How To Grow Spinach In The Home Garden

How To Grow Spinach In The Home Garden

By: Kathee Mierzejewski
Image by SylvieBouchard

When it comes to vegetable gardening, spinach planting is a great addition. Spinach (Spinacia oleracea) is a wonderful source of Vitamin A and one of the healthiest sources minerals and nutrients that we can grow.

When you think about how to grow spinach, think about which kind you’d like to grow. There is crinkled leaf spinach, plain leaf spinach and savoy spinach. All are wonderful in their own way.

How to Plant Spinach

One of the best tips for growing spinach is to make sure to plant it early in the spring. Plant spinach in the soil as soon as your garden space is ready and the soil is workable. It prefers loose, well-draining soil and will thrive in both sun and shade conditions.

Spinach planting is done by planting the seeds directly outdoors, ¬Ĺ inch deep. Plant about 12 to 15 seeds per foot of row to ensure plenty of spinach growth. Once your plants are at least an inch (2.5 cm.) or so tall, start thinning to about 2-4 inches (5-10 cm.) apart. Also, make sure your rows are only 12 inches (30 cm.) apart, which keeps weeds down to a minimum.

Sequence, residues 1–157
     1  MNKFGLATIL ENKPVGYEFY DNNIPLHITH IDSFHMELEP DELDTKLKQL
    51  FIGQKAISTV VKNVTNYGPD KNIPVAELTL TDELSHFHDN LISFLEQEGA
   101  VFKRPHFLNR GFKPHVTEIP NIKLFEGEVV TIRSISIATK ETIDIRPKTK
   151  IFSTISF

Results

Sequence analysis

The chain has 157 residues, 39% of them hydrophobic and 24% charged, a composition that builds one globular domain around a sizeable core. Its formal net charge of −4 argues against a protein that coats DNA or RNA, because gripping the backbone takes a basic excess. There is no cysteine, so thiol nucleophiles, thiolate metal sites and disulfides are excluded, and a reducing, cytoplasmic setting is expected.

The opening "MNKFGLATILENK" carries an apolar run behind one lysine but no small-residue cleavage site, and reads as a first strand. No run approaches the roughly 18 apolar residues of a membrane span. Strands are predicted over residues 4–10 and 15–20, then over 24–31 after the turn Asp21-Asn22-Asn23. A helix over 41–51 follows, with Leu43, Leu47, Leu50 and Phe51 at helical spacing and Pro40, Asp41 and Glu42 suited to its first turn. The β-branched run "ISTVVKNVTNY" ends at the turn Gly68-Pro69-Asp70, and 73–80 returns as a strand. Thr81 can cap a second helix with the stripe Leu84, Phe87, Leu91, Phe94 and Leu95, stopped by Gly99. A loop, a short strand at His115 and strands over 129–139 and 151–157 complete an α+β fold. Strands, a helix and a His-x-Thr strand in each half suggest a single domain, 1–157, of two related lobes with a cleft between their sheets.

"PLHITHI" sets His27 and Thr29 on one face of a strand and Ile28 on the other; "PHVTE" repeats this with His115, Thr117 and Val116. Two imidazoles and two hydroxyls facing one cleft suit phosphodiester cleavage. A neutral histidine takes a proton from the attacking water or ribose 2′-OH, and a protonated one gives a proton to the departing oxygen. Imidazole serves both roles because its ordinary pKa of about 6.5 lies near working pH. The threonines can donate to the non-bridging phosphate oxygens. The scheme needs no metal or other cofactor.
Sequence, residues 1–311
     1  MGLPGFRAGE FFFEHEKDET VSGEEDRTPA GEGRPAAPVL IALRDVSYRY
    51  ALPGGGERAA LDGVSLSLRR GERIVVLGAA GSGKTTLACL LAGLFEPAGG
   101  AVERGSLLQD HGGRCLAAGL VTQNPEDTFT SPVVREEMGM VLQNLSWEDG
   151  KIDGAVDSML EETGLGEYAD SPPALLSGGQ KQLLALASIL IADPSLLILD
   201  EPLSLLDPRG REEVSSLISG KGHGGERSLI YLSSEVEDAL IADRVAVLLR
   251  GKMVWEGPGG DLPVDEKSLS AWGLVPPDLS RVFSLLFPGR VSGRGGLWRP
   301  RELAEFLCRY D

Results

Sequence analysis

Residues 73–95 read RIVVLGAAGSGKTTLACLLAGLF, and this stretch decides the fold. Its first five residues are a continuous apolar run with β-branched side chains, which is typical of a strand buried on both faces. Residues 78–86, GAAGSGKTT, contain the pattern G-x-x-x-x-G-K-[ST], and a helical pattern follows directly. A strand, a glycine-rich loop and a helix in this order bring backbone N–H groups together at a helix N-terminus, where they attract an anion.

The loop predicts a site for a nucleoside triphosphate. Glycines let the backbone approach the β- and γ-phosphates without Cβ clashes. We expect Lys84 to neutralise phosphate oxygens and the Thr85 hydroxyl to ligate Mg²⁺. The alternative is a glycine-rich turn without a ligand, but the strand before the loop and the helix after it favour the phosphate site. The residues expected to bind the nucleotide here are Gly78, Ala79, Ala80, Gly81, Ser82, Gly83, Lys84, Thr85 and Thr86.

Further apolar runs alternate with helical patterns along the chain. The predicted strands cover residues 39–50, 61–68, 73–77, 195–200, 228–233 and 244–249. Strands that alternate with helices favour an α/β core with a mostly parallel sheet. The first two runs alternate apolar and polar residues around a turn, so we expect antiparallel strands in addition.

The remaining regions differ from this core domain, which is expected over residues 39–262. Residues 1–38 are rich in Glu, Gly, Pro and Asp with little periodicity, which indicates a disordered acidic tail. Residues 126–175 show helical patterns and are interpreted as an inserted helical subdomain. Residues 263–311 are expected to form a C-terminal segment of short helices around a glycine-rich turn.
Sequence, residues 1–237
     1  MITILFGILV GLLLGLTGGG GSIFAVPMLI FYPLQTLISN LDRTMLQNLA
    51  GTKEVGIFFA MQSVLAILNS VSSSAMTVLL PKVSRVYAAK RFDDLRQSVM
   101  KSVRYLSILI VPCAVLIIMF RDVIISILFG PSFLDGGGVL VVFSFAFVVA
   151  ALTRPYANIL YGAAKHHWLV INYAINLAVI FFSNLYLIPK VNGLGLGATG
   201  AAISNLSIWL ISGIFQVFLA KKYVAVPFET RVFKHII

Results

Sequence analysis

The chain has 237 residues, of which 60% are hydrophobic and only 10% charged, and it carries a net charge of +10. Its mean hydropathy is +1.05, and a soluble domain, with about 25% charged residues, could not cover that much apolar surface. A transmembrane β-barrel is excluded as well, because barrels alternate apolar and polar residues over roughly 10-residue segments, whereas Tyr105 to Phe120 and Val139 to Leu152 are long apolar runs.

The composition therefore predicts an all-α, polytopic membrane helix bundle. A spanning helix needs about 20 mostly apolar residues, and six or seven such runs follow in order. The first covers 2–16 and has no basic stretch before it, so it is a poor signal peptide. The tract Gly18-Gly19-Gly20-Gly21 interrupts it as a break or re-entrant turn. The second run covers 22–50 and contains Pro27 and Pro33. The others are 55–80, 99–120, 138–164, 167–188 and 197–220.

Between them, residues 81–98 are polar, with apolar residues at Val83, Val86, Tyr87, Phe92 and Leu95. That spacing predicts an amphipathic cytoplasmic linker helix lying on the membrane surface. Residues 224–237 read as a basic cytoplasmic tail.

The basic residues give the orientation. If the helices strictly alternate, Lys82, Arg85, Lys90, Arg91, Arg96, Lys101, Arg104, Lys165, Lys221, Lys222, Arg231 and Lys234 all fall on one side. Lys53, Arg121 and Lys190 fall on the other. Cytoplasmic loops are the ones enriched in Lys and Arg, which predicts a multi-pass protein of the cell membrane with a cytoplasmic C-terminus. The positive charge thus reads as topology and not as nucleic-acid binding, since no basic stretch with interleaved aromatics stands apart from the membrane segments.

Succession planting is a great method for growing spinach, planting every couple to every few weeks. This will yield fresh spinach all summer long.

Because spinach is a leafy vegetable, you should always rinse the leaves before using. However, one thing about spinach planting you will love is that you don’t have to fertilize the ground before planting or during the growth phase. Spinach just doesn’t require it.

Harvesting or Picking Spinach

It really doesn’t take long for your spinach to fill out the rows, much like lettuce. Once you see five or six good leaves on a plant, go ahead and begin picking them.

Fresh spinach is great mixed with lettuce in a salad or by itself in a spinach salad. You can wait until you have enough and cook them down as well.

If you planted your spinach as suggested, you’ll be picking spinach all summer long and you shouldn’t run out of fresh spinach until the end of the growing season in late summer to early fall.

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